December 13, 2013
Albany, NY

Governor Cuomo Announces Final Approval of $8 Billion MRT Waiver to Protect and Transform New Yorks Health Care System

Governor Cuomo Announces Final Approval of $8 Billion MRT Waiver to Protect and Transform New Yorks Health Care System

Governor Andrew M. Cuomo today announced that New York has finalized terms and conditions with the federal government for a groundbreaking waiver that will allow the state to reinvest $8 billion in federal savings generated by Medicaid Redesign Team (MRT) reforms. The MRT waiver amendment will transform the state's health care system, bend the Medicaid cost curve, and ensure access to quality care for all Medicaid members.

We will finally be able use the billions in savings we generated by reforming the state's Medicaid system to protect and improve health care services for millions of New Yorkers, said Governor Cuomo. In 2011, New York did what people said couldnt be done: we overhauled our Medicaid system to save taxpayers billions while delivering better health care. This waiver amendment allows us to invest these savings in keeping Brooklyns hospitals open, providing new community based primary care clinics in neighborhoods that need them and preserving health care services across our state.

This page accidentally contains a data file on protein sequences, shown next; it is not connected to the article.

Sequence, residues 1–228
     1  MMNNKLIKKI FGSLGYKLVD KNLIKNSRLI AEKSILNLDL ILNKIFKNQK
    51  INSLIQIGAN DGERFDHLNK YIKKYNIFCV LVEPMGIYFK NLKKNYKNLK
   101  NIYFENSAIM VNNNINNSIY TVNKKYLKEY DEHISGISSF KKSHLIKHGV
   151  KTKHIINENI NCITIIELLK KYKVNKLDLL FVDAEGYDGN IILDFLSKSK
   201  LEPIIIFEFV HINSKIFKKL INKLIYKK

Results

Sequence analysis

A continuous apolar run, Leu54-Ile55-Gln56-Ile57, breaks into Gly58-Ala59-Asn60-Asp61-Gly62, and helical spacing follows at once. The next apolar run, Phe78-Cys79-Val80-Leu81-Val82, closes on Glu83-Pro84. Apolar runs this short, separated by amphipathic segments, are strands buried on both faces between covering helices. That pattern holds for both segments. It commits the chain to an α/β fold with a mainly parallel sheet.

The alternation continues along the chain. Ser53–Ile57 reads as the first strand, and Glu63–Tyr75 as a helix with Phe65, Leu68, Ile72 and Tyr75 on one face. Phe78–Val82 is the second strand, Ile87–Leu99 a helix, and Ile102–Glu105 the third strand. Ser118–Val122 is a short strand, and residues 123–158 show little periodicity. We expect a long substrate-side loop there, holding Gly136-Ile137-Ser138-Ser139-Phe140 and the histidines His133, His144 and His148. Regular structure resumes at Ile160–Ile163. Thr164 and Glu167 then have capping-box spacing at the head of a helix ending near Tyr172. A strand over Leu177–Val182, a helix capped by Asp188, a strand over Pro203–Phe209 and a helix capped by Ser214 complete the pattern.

New York City Mayor Bill de Blasio said, Todays announcement is a major milestone that will help break the vicious cycle of heedless hospital closures across our city. With this funding, we can pivot from reacting to crises to proactively transforming our healthcare system for the long-term. Our administration is proud to have worked alongside Governor Cuomo to ensure New York received what it deserved. Thanks to the Governors leadership, and the collaboration of Senator Schumer and Secretary Sebelius, we can reinvest in our community hospitalsparticularly those threatened in Brooklyn--and deepen our commitment to neighborhood healthcare. The City stands ready to work with our State partners to ensure we invest these resources wisely and make the most of this historic opportunity.

The Medicaid 1115 waiver amendment will enable New York to fully implement the MRT action plan, facilitate innovation, lower health care costs over the long term, and save scores of essential safety net providers from financial ruin. The waiver allows the state to reinvest over a five-year period $8 billion of the $17.1 billion in federal savings generated by MRT reforms.

The waiver amendment dollars will address critical issues throughout the state and allow for comprehensive reform through a Delivery System Reform Incentive Payment (DSRIP) program. The DSRIP program will promote community-level collaborations and focus on system reform, specifically a goal to achieve a 25 percent reduction in avoidable hospital use over five years. Safety net providers will be required to collaborate to implement innovative projects focusing on system transformation, clinical improvement and population health improvement. Single providers will be ineligible to apply. All DSRIP funds will be based on performance linked to achievement of project milestones.

The $8 billion reinvestment will be allocated in the following ways: